Thank you! And thanks for the awesome content you provide for us!

      • Christian Rajek

        I gave it some more thoughts but I don’t have enough experience to evaluate if it will haunt me later. Maybe you can help.

        A friend asked me if I could make some playing cards for him, specifically character cards. They will share the same layout. Picture on the left, text on the right, a simple layout structure for the text.
        I thought about using multiple layers. A layer for the guides to structure the layout and separate layers for the content. One inkscape file for all cards, the individual cards will be realized on different layers. To get the fonts and colours to change automatically I could use styles, but this feature seems to be very basic at the moment or I just don’t get how it works.

    • Nick Saporito

      What I typically do is export a PNG file, open it with GIMP, then export it to JPG format with quality turned all the way up. I believe JPG files are most reliable and offer the most consistency when it comes to printing.

  • Tom Graf

    Hi Nick, what an elegant solution and easy to follow. Thanks!

    Like the brochure you show in the video, my front page and back page have different backgrounds, therefore the location of the 2 pages need to be exact so the page fold splits them perfectly (does this make sense?). However, the inkscape guides you provide in the template do not include a “between page” guide.

    Question: do you just estimate (“eye up”) the ideal placement of the 2 pages in the middle of the guides and does vistaprint do a reliable and consistent job of printing them on the page fold? Or do you suggest another approach?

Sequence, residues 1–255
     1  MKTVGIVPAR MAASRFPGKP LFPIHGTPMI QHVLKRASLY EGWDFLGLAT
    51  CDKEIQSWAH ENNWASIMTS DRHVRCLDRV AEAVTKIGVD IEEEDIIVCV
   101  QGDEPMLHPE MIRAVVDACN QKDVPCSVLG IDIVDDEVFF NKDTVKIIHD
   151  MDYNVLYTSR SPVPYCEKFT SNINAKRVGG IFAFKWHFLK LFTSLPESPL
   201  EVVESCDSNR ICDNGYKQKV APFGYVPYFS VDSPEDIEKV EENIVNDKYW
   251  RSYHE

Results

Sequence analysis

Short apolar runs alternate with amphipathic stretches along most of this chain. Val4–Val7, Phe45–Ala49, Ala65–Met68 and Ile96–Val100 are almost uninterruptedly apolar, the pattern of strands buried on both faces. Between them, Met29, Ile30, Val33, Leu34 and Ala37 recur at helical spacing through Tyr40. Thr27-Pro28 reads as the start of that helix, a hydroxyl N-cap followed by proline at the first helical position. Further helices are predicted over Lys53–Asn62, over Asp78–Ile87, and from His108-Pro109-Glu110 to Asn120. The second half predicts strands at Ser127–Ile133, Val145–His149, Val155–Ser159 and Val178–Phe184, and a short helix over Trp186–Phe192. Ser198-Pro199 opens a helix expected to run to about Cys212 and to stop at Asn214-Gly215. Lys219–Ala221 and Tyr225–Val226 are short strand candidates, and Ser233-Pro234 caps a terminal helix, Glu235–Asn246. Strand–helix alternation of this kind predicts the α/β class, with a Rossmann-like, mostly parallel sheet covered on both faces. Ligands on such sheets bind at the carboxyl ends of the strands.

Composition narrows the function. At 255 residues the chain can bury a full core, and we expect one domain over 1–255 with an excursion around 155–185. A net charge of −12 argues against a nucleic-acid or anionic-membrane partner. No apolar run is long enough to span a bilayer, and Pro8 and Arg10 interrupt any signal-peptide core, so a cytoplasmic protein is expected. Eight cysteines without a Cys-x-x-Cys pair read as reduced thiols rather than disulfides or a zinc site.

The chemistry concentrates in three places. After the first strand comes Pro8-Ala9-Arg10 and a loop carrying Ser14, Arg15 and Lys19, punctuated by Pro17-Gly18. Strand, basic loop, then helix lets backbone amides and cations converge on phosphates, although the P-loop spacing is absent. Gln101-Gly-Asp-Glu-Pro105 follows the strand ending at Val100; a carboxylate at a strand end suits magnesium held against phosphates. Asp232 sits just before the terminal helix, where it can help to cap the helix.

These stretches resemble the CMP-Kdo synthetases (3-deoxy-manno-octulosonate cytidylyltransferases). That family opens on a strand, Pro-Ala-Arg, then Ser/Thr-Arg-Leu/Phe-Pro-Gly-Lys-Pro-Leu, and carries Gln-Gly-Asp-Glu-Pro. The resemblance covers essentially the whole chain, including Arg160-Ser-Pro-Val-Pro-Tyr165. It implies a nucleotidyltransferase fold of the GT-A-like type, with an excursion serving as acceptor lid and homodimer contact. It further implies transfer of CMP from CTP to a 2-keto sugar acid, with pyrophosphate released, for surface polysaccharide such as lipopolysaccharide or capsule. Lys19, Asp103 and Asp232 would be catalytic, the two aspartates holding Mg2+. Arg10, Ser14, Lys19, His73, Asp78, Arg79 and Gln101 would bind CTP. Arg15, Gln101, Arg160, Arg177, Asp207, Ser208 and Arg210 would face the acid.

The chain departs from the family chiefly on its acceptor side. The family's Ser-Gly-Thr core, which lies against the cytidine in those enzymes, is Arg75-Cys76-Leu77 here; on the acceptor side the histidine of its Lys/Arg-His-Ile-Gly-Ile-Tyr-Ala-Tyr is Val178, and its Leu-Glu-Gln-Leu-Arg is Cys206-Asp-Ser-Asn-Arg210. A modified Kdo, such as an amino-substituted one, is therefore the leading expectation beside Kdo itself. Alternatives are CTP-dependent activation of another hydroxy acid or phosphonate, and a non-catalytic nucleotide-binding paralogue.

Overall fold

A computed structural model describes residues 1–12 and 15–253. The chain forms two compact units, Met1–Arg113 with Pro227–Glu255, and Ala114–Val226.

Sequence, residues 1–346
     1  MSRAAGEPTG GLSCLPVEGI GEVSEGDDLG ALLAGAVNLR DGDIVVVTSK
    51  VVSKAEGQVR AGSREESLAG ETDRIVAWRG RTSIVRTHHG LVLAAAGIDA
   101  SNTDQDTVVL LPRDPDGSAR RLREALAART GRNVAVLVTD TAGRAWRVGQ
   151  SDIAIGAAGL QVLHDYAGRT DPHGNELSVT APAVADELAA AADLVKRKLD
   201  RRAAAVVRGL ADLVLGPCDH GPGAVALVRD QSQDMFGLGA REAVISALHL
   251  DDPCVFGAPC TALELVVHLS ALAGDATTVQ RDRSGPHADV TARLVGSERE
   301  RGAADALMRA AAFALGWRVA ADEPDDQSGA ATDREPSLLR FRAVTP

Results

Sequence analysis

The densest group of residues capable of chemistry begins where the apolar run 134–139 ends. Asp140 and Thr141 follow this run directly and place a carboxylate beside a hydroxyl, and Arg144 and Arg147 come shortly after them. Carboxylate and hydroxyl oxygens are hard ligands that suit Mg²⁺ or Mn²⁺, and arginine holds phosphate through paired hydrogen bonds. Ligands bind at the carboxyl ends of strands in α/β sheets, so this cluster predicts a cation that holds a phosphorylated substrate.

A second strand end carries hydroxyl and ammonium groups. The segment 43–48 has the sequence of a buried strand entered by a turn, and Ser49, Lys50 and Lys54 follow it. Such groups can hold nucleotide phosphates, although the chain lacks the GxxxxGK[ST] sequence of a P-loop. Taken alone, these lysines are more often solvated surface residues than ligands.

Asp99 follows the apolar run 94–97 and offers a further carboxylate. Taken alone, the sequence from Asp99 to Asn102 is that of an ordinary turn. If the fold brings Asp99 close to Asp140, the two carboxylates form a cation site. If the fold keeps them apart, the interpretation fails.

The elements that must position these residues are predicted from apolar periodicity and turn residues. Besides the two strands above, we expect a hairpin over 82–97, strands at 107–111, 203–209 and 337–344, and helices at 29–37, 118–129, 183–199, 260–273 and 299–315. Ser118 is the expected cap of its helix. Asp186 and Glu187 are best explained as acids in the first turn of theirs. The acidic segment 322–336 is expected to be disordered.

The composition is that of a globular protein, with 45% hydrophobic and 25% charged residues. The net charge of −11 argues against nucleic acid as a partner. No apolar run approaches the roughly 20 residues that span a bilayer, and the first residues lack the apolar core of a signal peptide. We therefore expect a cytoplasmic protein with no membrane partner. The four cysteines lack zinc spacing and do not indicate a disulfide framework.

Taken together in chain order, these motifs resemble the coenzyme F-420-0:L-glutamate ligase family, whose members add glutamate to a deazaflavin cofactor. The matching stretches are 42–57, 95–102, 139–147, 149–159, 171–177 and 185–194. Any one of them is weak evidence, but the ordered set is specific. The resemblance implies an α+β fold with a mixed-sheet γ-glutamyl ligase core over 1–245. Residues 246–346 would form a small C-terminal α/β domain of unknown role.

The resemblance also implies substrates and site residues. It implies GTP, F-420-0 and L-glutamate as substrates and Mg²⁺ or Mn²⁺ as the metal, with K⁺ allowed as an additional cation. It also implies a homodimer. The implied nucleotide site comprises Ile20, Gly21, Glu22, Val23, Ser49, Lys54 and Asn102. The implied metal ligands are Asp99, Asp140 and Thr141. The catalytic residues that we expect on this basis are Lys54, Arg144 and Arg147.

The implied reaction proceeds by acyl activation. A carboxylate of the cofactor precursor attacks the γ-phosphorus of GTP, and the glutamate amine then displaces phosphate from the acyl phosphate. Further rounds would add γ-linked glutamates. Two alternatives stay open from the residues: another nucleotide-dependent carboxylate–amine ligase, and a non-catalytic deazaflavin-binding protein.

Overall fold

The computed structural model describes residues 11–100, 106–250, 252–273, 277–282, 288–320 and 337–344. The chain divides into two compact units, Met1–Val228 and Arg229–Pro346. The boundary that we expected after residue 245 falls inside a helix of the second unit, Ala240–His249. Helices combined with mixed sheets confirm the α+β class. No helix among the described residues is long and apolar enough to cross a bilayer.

Thanks, Tom

    • Tom Graf

      Sorry, I see now that the template boundaries for each of the three templates will denote the fold. If I get a little better at Inkscape I might add two additional guide lines to serve the same purpose.

      In any event, thanks again for the template and the video.


      • ksenia

        Hi Nick, how are you?
        Me again. I have a question – I did the design for our tour company brochure, both sides, both show the size in pixels 3,331 by 2,587 pixels, but then I change to cm (for example), it shows the size width 88.235cm and height 68.448cm :). I exported both sides in png, and “outside” file is 47.9 MB and “inside” is 96.7 MB. When I tried to upload the “outside” file to Vistaprint website, it said they don’t accept files more than 38 MB. I can’t figure out what I’m doing wrong with export or something else, so I’d be grateful if you could help me with this. Thanks much in advance!!

        • Nick Saporito

          Hi Ksenia, are you sure you exported it correctly? 49.7 MB sounds way too big for a design that size. My files were only 10 MB after I exported them at the same size. I would check the DPI settings on the export menu. If you’re using Inkscape 0.92 or later, the DPI should be 96. Older versions of Inkscape should be 90 DPI/